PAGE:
Some vendors may wait for a change in policy before they decide to list.But that’s not going to happen on October 15, the day after the election, explains Daniel. So, again, it’s for the vendor to decide how long they’re willing to wait. Until January? Until February or March next year?
The Ray White CEO says if the Reserve Bank raises the interest rates again in response to the positivity of sentiment in the economy post-election, then buyers will be able to borrow less money.
“We’re saying conditions are very good at the moment, there are more buyers and less competition, and there’s greater competition to come post-election,” says Daniel.
He sees promising signs of new listings coming on in the coming months, with property appraisals at the nationwide firm up by 48% on September 5 compared with the same time last year, and live listings, those listed in the last 28 days, up by 14.87%.
With the current shortage of listings at the moment, there is merit in at least thinking about listing sooner rather than later, says Harcourts Managing Director, Bryan Thomson.
If the vendor is selling their property to trade up to another one, and if the market goes up 10%, then the one they’re buying will go upeven more. If they sell now and buy, the gap will be smaller, says Bryan. He advises: ”Vendors should buy and sell property when they can and need to; and take the property on the day.”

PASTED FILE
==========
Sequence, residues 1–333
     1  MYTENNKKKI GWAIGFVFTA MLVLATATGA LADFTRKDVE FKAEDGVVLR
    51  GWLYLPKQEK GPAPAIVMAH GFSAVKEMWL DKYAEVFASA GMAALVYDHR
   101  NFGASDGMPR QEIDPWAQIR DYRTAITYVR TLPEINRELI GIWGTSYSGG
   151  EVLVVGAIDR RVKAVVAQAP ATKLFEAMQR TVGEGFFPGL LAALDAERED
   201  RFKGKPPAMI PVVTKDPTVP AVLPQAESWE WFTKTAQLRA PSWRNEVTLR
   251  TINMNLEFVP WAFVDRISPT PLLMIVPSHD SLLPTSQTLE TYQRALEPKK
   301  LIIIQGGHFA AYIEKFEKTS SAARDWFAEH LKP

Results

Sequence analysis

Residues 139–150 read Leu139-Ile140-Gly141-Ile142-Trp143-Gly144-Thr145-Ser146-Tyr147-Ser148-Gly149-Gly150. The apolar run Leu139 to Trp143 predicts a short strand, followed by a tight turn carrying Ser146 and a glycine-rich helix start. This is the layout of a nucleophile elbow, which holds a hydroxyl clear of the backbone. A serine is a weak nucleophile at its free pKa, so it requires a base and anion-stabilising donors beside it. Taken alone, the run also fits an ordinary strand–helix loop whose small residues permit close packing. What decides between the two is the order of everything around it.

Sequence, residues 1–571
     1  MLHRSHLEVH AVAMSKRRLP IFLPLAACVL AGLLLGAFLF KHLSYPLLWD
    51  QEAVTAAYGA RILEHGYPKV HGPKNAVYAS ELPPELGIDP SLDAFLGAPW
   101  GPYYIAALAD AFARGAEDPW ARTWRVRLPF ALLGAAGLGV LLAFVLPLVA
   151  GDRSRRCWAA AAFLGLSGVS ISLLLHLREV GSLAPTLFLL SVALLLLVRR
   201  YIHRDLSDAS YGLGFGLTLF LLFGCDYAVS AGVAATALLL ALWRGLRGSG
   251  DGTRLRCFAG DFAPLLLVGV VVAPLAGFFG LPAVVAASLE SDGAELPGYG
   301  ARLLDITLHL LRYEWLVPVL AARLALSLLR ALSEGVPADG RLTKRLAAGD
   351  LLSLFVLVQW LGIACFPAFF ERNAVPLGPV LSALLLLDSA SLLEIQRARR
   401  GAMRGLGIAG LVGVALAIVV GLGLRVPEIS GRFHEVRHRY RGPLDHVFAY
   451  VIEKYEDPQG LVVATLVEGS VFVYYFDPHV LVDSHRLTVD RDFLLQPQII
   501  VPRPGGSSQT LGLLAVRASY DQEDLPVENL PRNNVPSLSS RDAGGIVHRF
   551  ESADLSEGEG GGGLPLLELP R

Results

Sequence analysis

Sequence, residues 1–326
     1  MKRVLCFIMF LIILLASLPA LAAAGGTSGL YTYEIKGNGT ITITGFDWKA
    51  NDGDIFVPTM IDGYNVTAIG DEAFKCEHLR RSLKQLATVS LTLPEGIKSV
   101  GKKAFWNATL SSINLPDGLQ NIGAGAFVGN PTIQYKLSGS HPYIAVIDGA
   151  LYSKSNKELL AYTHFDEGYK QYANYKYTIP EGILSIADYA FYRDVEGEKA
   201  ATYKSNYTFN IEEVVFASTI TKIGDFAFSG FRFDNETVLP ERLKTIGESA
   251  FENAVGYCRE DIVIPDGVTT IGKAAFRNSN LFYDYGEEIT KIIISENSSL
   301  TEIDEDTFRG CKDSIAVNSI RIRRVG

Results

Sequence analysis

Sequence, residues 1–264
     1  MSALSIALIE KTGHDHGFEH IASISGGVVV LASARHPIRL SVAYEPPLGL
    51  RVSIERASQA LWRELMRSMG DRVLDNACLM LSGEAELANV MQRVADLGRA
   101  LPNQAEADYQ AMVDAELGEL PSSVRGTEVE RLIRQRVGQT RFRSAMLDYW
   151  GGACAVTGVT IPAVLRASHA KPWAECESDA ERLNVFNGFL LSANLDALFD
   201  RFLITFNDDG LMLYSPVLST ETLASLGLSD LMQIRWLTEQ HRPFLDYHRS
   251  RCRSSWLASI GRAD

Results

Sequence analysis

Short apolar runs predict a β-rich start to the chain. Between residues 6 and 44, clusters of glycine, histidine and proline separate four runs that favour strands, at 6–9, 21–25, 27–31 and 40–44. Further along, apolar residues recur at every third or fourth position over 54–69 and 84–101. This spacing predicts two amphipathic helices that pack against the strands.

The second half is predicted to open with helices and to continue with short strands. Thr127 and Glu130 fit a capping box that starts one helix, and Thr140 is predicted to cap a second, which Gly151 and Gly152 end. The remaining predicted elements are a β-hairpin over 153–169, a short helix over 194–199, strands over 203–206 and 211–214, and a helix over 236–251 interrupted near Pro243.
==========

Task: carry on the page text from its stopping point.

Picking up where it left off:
If people are thinking of selling, at least they know the environment they’re going into now. No one can know what will happen in the summer - though chances are, more listings will be competing.
Strong competition among buyers for fewer properties mean strong buyer intent
The buyers are there now, agrees Ben Castle, CEO of Wellington agency, Tommy’s Real Estate. In comparison to 72 offers coming in on 59 properties for sale last August, 131 offers came in on 59 properties this August.
This number means that 60 buyers have missed out on property and are still actively in the market, he explains.
All of his agents are having discussions with vendors about timing their sale.
If sellers wait until November or January, there will be a glut of stock then and not as many buyers, so now’s the time for them to act, says Ben. His message to sellers is that in November the market may have moved, with 100 more properties for the same number of buyers.